A digital photo frame had been in my wishlist for a long time because there are a lot of beautiful moments that I want to share with others. I have thousands of photos and obviously, I can’t print them all and put them in traditional photo frames.
I was a little hesitant to buy a digital one because I heard many complaints of the frames, moreover, most of them are made by Chinese manufacturers. Therefore, the new Nixplay Iris 8″ is just my first digital photo frame and I was so excited to test it out.
Unboxing & Initial Setup
Features & Performance
The Nixplay Iris comes from NIX, a very well-established brand in the category. When you search for digital photo frames on Amazon, you will see a lot of products from the manufacturer and some are even picked as Amazon’s choice. Therefore, I was quite confident that the new Iris would be another great product.
In terms of design, this is probably the most good-looking digital frame ever. It looks more like a traditional frame and less like a tablet with LCD display. I really love the thick bezels coming in burnished bronze. You can also get other color options like silver or peach copper.
The frame also introduces a new cable stand that is bendable. It looks great and many people will be wondering why the frame could stand on its own without a real stand. However, I don’t really like the stand because it is not stable enough. Having said that, it should be alright as long as you don’t tip it over.
Unlike others, the Nixplay Iris is called Wi-Fi cloud frame because you can share photos directly from your smartphone or from online services like Instagram, Facebook, Google Photos, Dropbox or Flickr. All photos are stored on NIX’s own cloud storage, you will have 10GB of free storage. The frame supports JPEG, JPG, and PNG file types, so you will have no problem showing thousands of photos on the frame. I really love that I can add photos from my smartphones easily, and I can also invite friends or other family members to add new photos to the frame.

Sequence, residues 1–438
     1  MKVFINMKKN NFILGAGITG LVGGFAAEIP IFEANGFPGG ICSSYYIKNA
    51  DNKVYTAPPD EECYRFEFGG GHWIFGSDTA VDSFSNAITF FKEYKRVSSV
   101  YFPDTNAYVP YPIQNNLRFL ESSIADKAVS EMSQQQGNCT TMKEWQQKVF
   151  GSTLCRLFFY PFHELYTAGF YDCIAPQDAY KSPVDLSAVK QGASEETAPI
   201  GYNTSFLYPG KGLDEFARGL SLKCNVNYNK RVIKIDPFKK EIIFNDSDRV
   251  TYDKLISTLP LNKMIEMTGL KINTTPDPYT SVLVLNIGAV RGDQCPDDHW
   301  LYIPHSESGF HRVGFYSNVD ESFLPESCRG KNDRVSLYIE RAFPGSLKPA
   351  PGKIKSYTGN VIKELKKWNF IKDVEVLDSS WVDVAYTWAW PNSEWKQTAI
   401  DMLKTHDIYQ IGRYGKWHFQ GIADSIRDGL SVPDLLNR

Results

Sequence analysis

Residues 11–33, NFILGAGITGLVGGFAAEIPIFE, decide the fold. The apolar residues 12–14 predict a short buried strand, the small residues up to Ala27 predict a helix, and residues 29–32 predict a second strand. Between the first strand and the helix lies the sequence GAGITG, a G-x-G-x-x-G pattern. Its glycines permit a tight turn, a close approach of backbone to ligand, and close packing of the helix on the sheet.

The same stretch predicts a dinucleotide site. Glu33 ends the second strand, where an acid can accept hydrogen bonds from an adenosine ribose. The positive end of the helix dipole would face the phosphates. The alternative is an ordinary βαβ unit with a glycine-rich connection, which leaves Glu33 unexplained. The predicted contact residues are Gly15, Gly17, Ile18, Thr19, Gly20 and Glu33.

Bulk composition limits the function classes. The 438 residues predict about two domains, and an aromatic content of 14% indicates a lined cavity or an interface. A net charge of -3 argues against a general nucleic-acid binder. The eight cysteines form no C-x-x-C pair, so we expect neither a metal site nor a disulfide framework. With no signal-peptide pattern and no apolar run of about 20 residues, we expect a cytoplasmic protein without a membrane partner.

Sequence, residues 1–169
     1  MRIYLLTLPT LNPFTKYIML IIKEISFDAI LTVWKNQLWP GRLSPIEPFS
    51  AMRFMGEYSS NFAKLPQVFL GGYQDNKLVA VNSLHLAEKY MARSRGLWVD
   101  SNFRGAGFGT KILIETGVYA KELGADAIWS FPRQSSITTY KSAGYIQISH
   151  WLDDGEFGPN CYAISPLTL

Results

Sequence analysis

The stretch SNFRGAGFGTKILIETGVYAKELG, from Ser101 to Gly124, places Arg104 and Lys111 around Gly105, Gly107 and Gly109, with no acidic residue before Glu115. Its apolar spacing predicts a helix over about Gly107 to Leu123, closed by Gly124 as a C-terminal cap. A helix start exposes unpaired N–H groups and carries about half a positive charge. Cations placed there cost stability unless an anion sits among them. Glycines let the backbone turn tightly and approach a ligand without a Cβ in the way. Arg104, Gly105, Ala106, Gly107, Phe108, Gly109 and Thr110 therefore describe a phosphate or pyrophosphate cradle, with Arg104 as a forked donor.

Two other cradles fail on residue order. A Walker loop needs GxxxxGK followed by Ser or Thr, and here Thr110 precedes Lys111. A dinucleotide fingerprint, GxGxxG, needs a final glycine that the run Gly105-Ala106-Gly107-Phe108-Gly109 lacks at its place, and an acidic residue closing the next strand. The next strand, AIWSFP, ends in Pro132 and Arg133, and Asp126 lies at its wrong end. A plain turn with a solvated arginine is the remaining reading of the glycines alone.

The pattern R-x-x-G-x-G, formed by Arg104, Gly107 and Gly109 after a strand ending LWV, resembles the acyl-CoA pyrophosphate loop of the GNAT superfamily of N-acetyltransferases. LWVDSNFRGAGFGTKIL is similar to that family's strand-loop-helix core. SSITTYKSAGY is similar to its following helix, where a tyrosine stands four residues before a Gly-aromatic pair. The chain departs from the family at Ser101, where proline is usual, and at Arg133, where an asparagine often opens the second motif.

A downside of the frame is that you can’t add, create or edit album on your mobile devices. You will need to access the Nixplay webpage on your computer to edit your album, as well as set up online services to retrieve your photos.
Another shortcoming is that the Iris frame doesn’t use the Hu-Motion sensor as found on the Seed or Edge frames. That sensor can detect movements and turn on/off the frame automatically. The Iris frame uses an activity sensor instead, it just can turn on/off the frame based on the ambient background sound level. I set the sensor sensitivity quite high but the feature doesn’t work at all, it just wouldn’t wake up or power off the frame automatically. Therefore, I often have to schedule the frame and turn in on/off manually.
Fortunately, the light sensor works great and it manages to adjust the brightness of the display according to the room’s lighting condition.
In terms of image quality, the display has the resolution of 1024 x 768 pixels on an 8-inch screen. It is not really sharp and has an average viewing angle. Obviously, it doesn’t have a stunning display as found on your smartphone or tablet, however, it is bright and clear enough as long as you don’t examine it closely.
- Beautiful design
- Works with popular online services
- Good image quality
- The activity sensor doesn’t work well
Overall, the Nixplay Iris is among the most advanced and beautiful digital photo frames on the market at the moment. It would be perfect if the activity sensor worked like advertised.
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